Remy de la Mauviniere, Associated Press
In this March 7, 2012 file photo, U.S film producer and movie studio chairman Harvey Weinstein during an interview with the Associated Press in Paris, the same day as Weinstein received, Chevalier of the Legion of Honor by French President Nicolas Sarkozy. French President Emmanuel Macron says Sunday Oct. 15, 2017 that he wants to revoke Harvey Weinstein's Legion of Honor award after the wave of accusations of sexual harassment and abuse against the Hollywood titan.

The toppling of media moguls Roger Ailes, Bill O’Reilly and now Harvey Weinstein is being viewed as a collective victory in the fight against workplace harassment. Strong, courageous women banded together to overcome threats of retribution, legal obstacles and power imbalances to unseat these individuals from their positions of influence. Unfortunately, the narratives are sometimes absent central characters: men.

Individuals do not have to be culpable in harassment to be complicit in enabling it. The eradication of sexual harassment, in all forms, will only be achieved once men and women actively work together to create a standard of no tolerance for that kind of behavior.

In the case of Roger Ailes, more than two dozen women rallied around Fox News anchor Gretchen Carlson as she filed a lawsuit against her former boss. This resulted in subsequent revelations, also by women at Fox, about Bill O’Reilly, a staggering blow to the network. Now, months later, women still working at the Weinstein Company disclosed a cyclical pattern of abuse from their boss, catalyzing a public conversation that resulted in the firing of Weinstein from his own company.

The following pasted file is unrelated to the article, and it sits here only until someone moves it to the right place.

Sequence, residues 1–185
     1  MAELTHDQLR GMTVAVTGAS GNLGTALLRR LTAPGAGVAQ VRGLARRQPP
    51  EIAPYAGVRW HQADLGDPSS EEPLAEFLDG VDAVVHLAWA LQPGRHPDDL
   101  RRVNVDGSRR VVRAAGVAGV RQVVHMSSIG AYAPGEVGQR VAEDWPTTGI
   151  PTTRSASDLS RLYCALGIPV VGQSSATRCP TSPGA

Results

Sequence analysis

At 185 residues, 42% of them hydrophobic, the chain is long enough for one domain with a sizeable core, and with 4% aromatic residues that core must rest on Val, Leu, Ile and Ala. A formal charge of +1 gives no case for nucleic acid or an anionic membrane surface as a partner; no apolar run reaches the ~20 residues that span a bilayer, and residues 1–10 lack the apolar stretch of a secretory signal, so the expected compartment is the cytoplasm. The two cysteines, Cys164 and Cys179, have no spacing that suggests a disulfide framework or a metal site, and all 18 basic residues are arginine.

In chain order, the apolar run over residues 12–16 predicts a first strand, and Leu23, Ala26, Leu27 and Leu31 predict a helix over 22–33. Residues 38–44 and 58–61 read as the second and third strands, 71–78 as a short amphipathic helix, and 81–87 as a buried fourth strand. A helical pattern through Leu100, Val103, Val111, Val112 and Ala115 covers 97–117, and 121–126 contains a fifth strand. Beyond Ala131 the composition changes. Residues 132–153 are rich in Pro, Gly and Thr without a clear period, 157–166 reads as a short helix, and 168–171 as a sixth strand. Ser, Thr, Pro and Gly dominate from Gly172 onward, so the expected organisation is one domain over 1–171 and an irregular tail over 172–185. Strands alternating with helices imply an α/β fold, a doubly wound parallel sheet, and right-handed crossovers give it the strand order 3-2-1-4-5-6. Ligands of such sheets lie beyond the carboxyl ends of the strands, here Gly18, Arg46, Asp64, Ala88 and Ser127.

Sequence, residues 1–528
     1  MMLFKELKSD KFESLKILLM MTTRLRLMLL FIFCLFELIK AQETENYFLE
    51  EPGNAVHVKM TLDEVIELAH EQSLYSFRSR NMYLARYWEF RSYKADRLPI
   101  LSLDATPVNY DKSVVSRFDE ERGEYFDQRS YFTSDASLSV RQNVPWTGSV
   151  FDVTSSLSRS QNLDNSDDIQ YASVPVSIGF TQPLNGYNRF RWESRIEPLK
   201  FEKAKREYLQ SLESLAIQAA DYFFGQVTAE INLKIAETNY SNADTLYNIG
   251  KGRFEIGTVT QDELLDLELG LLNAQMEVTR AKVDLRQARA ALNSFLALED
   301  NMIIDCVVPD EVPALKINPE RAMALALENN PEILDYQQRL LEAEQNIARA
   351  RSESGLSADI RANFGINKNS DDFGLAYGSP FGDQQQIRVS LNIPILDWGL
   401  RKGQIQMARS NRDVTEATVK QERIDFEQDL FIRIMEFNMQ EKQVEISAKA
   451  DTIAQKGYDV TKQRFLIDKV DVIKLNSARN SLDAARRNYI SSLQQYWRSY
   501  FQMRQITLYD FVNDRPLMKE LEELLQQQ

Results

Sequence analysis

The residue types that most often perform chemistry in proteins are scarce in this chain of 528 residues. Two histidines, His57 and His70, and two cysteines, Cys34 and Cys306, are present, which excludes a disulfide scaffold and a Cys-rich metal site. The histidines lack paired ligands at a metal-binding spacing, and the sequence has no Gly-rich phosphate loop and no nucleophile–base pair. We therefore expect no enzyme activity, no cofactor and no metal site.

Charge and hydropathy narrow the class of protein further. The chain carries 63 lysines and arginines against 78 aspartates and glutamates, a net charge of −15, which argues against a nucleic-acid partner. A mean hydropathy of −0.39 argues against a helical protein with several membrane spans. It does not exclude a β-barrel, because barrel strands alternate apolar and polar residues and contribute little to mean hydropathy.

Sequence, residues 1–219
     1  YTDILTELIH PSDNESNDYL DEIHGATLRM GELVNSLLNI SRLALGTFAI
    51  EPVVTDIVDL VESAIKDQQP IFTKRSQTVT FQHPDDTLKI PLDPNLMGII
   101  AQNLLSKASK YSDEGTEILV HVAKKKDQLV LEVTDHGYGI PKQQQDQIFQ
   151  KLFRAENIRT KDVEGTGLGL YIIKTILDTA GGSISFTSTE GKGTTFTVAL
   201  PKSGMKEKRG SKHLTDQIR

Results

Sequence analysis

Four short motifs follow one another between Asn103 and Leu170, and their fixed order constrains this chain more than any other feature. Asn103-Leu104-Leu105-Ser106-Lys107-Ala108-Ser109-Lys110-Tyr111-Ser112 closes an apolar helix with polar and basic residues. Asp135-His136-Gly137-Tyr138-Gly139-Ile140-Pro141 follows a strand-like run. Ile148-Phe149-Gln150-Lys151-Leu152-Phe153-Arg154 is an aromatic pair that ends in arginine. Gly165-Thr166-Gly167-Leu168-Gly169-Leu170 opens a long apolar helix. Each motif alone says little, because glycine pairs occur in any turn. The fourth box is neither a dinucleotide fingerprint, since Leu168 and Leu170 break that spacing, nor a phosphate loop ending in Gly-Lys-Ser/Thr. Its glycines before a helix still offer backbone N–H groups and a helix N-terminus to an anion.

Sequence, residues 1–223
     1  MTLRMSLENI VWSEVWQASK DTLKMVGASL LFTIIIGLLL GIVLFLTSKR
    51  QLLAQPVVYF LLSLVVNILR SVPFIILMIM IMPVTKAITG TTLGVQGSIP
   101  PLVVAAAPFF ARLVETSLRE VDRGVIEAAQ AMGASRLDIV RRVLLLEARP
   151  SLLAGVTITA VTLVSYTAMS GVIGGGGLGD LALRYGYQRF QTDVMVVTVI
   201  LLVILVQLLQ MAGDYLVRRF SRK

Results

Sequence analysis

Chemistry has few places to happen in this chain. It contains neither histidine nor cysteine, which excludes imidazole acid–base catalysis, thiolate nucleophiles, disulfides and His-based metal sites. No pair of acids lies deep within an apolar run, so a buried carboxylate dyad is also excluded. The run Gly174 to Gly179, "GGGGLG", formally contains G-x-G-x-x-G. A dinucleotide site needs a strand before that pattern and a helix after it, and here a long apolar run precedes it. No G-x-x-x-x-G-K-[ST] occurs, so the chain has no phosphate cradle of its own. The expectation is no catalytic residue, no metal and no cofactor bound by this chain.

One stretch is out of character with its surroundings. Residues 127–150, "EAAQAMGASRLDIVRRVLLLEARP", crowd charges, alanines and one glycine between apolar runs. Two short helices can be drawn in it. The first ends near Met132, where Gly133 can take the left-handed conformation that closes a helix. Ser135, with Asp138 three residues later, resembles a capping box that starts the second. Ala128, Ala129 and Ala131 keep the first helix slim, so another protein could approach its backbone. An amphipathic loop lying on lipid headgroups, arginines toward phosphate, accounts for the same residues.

In all of these instances, it was largely women who courageously overcame obstacles to create a critical mass that could not be dismissed. In every case, the media also played a role — shining a light on the misdeeds of those in positions of corporate influence, forcing boardrooms to acknowledge harassment and comply with the removal of repeat offenders. While the media is useful insofar as it can spotlight injustice, women shouldn’t have to subject themselves to the court of public opinion, risking their professional and personal livelihoods to end workplace harassment.

What is frustrating about these cases is that those who had the influence to speak out sooner chose not to. It was only after the Weinstein story broke, thanks to nearly 20 women speaking both on and off the record, that other well-known stars came forth to share their experiences about Weinstein’s behavior.

Their reticence to speak out sooner seems to affirm the imbalance of power in work settings that extend to the highest echelons of influence. That powerful Hollywood icons carried this burden of silence for so long underscores the reality faced by those who feel safer remaining taciturn despite grave injustice. Appropriate treatment will not be realized until men and women actively work together to become allies and become cognizant of how complacency only enables harassment.